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Field Assistant, Vegetation Monitoring – Sierra Nevada AmeriCorps Partnership, Inyo County Water Department
The Inyo County Water Department is located in the eastern Sierra Nevada, and monitors the vegetation, soil water, and hydrology within the Owens Valley, CA. It operates in keeping with a Long Term Water Agreement (LTWA) with the City of Los Angeles to manage ground and surface water exportation to supply the city of Los Angeles, while maintaining local environmental conditions in the Owens Valley and the Owens River watershed.
One of the primary LTWA goals is to manage water resources while maintaining vegetation community types in the Owens Valley in the same condition as existed during a ‘baseline’ period (1984-1987). The Inyo County Water Department (ICWD) thus monitors a variety of vegetation types, including within ground water dependent (phreatophytic) and riparian vegetation communities, as well as monitoring hydrologic conditions in subsurface test wells, surface water flows, and soil moisture at sites across the Owens Valley from the Pleasant Valley Dam in the north to Owens Lake in the south. ICWD has participated in cooperative studies to better understand water needs of groundwater dependent vegetation communities and has a substantial long term vegetation community dataset. We also assess mitigation project conditions across the valley including a large scale river re-watering and restoration project on the Lower Owens River through which we work collaboratively and adaptively with several parties to realize project goals. To learn more, visit our website at https://www.inyowater.org/.
Number of Member Positions at this Site:
- 2 Half Term
Site Supervisor’s Name(s) and Title(s):
- Meredith Jabis, Senior Scientist, Inyo County Water Department
The Water Department’s SNAP member will be primarily responsible for field vegetation sampling across the Owens Valley, CA, which spans from just north of Bishop to just south of Lone Pine. Owing to the various types of environmental monitoring data which ICWD collects, the SNAP member will be exposed to various vegetation, soil, or hydrologic sampling techniques. Primary activities will involve vegetation sampling as part of novel riparian studies or within groundwater dependent vegetation communities.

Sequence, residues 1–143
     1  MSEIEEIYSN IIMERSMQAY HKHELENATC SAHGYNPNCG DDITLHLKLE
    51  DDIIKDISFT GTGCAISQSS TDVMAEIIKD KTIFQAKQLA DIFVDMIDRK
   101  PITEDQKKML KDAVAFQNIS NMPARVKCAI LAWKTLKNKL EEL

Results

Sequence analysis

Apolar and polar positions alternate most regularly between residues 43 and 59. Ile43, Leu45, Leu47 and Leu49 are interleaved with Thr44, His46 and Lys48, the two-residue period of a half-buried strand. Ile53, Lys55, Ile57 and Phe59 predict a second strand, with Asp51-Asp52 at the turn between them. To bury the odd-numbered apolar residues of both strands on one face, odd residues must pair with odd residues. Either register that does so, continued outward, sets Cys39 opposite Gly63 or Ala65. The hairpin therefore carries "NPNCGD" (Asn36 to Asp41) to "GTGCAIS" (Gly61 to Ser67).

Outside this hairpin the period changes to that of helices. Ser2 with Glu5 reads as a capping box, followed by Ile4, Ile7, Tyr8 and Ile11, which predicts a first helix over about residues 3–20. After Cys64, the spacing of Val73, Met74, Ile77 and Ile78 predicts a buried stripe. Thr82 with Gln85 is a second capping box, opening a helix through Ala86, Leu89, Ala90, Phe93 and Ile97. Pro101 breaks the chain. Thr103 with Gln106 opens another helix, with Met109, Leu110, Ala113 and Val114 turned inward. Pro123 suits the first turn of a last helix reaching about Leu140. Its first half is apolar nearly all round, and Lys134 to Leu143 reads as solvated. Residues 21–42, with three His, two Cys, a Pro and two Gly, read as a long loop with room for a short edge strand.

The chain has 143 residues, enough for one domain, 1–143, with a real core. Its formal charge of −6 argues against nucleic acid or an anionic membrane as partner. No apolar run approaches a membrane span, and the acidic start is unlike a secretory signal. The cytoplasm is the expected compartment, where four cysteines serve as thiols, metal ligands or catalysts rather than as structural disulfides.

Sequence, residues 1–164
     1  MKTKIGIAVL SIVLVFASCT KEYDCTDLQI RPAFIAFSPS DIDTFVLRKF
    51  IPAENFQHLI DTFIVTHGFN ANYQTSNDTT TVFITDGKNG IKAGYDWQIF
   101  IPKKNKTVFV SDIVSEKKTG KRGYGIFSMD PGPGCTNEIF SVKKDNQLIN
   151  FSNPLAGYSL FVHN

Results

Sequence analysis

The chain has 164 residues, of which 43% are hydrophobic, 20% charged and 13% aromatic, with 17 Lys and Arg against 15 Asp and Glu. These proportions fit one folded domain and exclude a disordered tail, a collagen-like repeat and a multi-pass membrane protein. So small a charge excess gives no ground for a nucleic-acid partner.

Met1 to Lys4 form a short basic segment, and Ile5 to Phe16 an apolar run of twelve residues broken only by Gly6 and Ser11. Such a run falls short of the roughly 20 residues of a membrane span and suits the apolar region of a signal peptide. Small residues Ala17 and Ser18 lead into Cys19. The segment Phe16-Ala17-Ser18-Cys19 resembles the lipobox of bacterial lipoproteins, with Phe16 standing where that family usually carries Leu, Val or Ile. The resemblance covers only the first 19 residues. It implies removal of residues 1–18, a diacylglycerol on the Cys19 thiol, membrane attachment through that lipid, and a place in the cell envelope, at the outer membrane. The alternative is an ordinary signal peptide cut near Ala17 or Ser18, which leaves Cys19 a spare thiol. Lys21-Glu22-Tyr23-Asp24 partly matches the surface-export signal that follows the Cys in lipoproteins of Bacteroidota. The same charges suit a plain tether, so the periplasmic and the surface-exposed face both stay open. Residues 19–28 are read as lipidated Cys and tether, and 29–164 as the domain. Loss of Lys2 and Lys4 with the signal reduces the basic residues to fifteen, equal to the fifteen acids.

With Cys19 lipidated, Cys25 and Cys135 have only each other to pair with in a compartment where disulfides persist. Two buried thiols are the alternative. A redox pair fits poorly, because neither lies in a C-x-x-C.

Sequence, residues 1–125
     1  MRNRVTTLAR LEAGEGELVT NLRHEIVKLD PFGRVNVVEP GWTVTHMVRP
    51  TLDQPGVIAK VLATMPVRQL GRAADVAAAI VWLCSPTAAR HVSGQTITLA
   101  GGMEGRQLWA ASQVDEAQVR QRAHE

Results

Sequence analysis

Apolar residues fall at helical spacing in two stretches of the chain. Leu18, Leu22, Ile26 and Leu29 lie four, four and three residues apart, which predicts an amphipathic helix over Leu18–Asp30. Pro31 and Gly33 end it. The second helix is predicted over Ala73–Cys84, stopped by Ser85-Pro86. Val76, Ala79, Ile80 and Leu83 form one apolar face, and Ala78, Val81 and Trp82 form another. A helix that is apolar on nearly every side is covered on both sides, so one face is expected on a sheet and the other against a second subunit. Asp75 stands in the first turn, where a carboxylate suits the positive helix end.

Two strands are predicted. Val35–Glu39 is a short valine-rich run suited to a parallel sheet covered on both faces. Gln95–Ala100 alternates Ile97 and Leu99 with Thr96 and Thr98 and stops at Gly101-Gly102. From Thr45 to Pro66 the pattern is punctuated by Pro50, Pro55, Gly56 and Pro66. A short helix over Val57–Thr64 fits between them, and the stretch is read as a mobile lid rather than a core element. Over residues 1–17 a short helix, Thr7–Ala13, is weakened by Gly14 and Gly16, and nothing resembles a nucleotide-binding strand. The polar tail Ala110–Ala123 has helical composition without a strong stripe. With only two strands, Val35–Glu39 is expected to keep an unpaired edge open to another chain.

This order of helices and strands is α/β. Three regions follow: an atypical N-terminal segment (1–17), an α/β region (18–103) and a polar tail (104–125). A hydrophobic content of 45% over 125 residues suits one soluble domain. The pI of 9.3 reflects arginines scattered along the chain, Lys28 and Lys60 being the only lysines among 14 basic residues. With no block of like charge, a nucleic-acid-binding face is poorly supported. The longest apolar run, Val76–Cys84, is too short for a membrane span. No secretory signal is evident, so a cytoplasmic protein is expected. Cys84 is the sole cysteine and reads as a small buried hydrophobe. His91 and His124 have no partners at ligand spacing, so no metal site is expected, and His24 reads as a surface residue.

Riparian studies will involve working in a crew of 2 or 3 with a team leader, locating new transect startpoints, setting up transects, marking start and end locations, recording vegetation along the centerline, recording canopy cover, and identifying and recording riparian tree positions within a 10-m wide belt transect. At these riparian transects, members may also collect soil samples, record fluvial geomorphic surfaces, or assist in collecting tree core samples. Ongoing long-term vegetation monitoring includes revisiting permanent vegetation transects within groundwater dependent vegetation using a combination of GPS and printed maps and identifying and recording plant species present.
SNAP members will also be involved in assessments of riparian tree recruitment sites on the lower Owens River to help identify locations for future restoration work, such as recording riparian sapling size and height measurements, and possible vegetation removals to assess the role of competition in successful tree recruitment. Finally, SNAP members may assist in condition assessment at mitigation sites identified in the Long Term Water Agreement to help determine if goals are being met.
Site-Specific Training Provided:
- Line point vegetation sampling technique
- Vegetation identification skills
- Riparian vegetation sampling techniques including running belt transects, identification of fluvial geomorphic surface types, and riparian tree species
- Assist with tree core sampling
- Use of a spherical densiometer and a GRS tube densitometer for measuring tree canopy
- Training for work in adverse conditions
- ArcGIS data collection and navigation
Things to Note:
Our office is located in Independence, CA, and fieldwork is typically based out of Bishop, CA. This location is adjacent to many hiking trails and outdoor activities in the eastern Sierra Nevada. The work schedule involves 10 hour shifts Monday-Thursday and may start as early as 5:30-6:00 am to manage heat exposure.
- Must be a US Citizen, U.S. National or Lawful Permanent Resident Alien of the U.S.
- Bachelor’s degree preferred
- Minimum of 18 years or older
- Applicants must have the ability to lift and hike with 30lbs over rough terrain, be outside up to 9 hours a day in summer conditions (maximum temperatures to 105 °F)
- Adhere to any COVID-19 related safety measures required by the State or County
- Principles of botany, ecology, biology, hydrology, and/or soil science
- Principles of data collection; basic mathematics; the environment
- Geography of the Owens Valley
- Basic first aid
- Possess a valid operator’s license issued by the State Department of Motor Vehicles